If you grew up in the 60s, you could hardly have missed the underground comic artist R. Crumb. Creator of Fritz the Cat and Mr. Natural, Crumb worked out his neuroses in public (see the movie Crumb for the backstory), becoming immensely popular among hippies having a penchant for the grotesque.
Crumb has now become pretty mainstream, publishing his newer pieces in The New Yorker and showing his work in galleries, where it fetches high prices. His latest production is an illustrated book of the Bible, The Book of Genesis Illustrated. It’s reviewed in today’s New York Times by David Hadjou, a professor at Columbia University’s School of Journalism and music critic for The New Republic.
This isn’t the Crumb you’d expect from his earlier work in Zap Comics. Crumb does it straight, without exaggerated grotesqueries, women with large rumps, or the like. A sample is below, and you can see another here. I’ve seen larger excerpts, and clearly Crumb has made a serious effort to turn the Bible into graphic art rather than a religiously-themed comic. Dismissing the book a priori as a mockery of religion is a big mistake. As Hadjou says:
Crumb’s book is serious and, for Crumb, restrained. He resists the temptation to go all-out Crumb on us and exaggerate the sordidness, the primitivism and the outright strangeness (by contemporary standards) of parts of the text. What is Genesis about, after all, but resisting temptation?
Hadjou goes on to praise the book. But at the end of his review he can’t resist one little zinger:
For all its narrative potency and raw beauty, Crumb’s “Book of Genesis” is missing something that just does not interest its illustrator: a sense of the sacred. What Genesis demonstrates in dramatic terms are beliefs in an orderly universe and the godlike nature of man. Crumb, a fearless anarchist and proud cynic, clearly believes in other things, and to hold those beliefs — they are kinds of beliefs, too — is his prerogative. Crumb, brilliantly, shows us the man in God, but not the God in man.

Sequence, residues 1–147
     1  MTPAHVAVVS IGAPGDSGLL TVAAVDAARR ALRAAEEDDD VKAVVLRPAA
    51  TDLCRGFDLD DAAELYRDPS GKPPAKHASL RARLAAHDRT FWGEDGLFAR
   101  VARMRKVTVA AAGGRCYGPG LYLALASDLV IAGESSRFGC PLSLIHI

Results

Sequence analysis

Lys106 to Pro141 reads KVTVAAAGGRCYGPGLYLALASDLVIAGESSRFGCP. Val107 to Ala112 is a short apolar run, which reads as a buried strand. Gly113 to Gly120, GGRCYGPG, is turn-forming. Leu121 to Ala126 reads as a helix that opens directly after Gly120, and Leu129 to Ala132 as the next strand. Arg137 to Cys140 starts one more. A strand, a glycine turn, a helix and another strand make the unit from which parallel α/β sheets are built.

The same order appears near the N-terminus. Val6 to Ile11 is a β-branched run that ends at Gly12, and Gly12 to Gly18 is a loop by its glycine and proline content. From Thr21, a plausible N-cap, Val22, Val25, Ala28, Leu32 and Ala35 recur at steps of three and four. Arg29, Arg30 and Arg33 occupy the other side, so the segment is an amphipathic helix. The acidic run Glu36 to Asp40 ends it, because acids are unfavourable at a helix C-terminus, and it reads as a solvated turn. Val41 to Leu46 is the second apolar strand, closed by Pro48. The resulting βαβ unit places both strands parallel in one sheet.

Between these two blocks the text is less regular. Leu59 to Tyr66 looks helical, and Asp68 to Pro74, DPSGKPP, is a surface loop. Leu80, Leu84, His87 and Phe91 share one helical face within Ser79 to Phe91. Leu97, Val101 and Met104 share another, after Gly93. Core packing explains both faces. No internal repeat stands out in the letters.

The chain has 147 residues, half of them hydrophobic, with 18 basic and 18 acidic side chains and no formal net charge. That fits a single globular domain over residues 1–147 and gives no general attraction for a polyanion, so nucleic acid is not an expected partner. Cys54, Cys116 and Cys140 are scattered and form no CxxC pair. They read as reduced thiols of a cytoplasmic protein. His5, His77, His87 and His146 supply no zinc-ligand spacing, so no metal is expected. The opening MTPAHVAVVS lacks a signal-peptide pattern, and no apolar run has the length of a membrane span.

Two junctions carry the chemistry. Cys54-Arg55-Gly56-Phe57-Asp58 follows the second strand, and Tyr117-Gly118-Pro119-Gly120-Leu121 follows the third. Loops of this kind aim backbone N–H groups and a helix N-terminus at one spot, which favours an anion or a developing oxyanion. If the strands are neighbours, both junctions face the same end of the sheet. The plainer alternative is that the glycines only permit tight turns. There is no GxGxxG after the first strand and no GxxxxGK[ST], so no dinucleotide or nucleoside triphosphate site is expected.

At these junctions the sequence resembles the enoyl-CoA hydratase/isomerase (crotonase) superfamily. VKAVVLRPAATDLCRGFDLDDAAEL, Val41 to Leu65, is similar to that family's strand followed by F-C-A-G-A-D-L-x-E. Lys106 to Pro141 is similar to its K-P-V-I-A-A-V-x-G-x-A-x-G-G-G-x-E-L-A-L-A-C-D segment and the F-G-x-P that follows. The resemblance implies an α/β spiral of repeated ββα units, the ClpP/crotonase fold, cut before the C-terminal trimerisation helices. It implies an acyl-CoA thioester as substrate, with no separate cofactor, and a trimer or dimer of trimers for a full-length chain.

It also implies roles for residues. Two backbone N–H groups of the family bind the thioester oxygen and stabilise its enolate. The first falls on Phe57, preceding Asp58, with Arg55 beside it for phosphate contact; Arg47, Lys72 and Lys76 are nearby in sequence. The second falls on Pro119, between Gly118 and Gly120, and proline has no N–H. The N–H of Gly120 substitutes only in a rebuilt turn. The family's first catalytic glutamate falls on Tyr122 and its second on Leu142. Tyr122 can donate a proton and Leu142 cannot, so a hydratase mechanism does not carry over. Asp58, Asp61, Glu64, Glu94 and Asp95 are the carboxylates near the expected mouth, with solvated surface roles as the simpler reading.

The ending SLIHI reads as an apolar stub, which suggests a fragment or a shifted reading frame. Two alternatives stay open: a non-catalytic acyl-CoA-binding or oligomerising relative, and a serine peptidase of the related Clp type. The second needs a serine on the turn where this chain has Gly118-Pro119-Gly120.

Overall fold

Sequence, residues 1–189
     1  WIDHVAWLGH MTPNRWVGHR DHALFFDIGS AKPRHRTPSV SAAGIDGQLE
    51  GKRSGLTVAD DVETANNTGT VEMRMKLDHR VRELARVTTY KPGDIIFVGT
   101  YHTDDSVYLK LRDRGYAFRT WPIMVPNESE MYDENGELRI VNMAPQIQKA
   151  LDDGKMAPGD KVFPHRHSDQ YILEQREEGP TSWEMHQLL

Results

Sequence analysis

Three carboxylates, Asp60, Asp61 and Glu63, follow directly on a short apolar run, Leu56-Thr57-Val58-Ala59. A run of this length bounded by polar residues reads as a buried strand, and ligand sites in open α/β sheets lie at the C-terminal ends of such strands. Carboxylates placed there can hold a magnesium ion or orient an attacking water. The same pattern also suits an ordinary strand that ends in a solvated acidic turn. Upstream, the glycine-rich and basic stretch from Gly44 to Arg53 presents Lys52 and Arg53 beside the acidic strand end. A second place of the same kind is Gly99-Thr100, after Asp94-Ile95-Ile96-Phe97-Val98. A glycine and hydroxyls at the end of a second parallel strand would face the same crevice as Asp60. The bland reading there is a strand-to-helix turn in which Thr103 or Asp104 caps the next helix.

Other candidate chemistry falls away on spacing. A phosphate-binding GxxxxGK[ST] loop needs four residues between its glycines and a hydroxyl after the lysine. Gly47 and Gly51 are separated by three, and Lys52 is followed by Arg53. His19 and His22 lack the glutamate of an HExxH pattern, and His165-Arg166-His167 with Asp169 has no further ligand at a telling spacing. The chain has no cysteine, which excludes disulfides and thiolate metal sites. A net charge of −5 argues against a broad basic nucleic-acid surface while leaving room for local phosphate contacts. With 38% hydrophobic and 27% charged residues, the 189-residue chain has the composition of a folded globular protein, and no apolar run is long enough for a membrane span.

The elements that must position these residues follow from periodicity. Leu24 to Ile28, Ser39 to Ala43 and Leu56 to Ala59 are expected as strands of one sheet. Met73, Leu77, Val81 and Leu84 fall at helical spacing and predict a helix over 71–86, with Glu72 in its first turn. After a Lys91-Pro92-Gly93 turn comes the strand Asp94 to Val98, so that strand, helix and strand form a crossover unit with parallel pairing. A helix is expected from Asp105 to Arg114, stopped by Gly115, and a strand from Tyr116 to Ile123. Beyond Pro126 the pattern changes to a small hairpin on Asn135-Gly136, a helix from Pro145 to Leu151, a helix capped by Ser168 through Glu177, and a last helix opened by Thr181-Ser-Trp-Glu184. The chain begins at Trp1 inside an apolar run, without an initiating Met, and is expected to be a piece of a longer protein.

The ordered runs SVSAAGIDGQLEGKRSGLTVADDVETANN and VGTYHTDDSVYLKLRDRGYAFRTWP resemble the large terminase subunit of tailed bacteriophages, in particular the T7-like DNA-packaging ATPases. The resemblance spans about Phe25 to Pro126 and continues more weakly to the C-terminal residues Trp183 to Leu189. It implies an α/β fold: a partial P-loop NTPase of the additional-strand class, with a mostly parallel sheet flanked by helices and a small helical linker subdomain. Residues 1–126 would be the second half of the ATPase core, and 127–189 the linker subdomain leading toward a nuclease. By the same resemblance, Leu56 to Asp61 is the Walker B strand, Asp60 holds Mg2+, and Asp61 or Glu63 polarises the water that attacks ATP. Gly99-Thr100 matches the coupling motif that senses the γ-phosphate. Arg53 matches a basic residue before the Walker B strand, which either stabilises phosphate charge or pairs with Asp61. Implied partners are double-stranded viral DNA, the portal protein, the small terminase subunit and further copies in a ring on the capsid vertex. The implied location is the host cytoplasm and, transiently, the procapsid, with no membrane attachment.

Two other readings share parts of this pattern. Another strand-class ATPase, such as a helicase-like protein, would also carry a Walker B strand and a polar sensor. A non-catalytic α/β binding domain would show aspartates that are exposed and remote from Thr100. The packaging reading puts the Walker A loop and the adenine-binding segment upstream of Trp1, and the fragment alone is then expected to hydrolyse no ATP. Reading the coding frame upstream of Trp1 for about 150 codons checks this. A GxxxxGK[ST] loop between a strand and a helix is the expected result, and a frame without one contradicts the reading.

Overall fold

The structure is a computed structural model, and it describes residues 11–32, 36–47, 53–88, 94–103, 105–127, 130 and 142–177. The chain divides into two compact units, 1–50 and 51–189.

It always helps to truckle to the faithful — something that’s becoming house policy at The New York Times.
In truth, I was a bit disappointed by Crumb’s book, not because it’s not engrossing or artistic, but because when I read a book, whether it be Genesis or Middlemarch, I always conjure up visual — and auditory — images of the scene. (Think about this when you’re reading a novel. Are you imagining what things look like?) And, as expected, my images and sounds never comport with those of other people. That’s why I didn’t like the movie Lord of the Rings (Gollum was pretty faithful to my imagination, but the depilated, rarely-hungry hobbits let me down), and thought that the animated versions of Peanuts were dire (Charlie Brown didn’t sound right). And, it’s still the Bible, so Crumb’s imagination, so wild and bizarre in his earlier pieces, is constrained by a text that we already know well. In the end, I can’t imagine who Crumb saw as his audience for this book. I doubt that it will be bought by the faithful, although it’s currently #8 on Amazon, and reviewer Greta Christina considers it a “must-read” for atheists.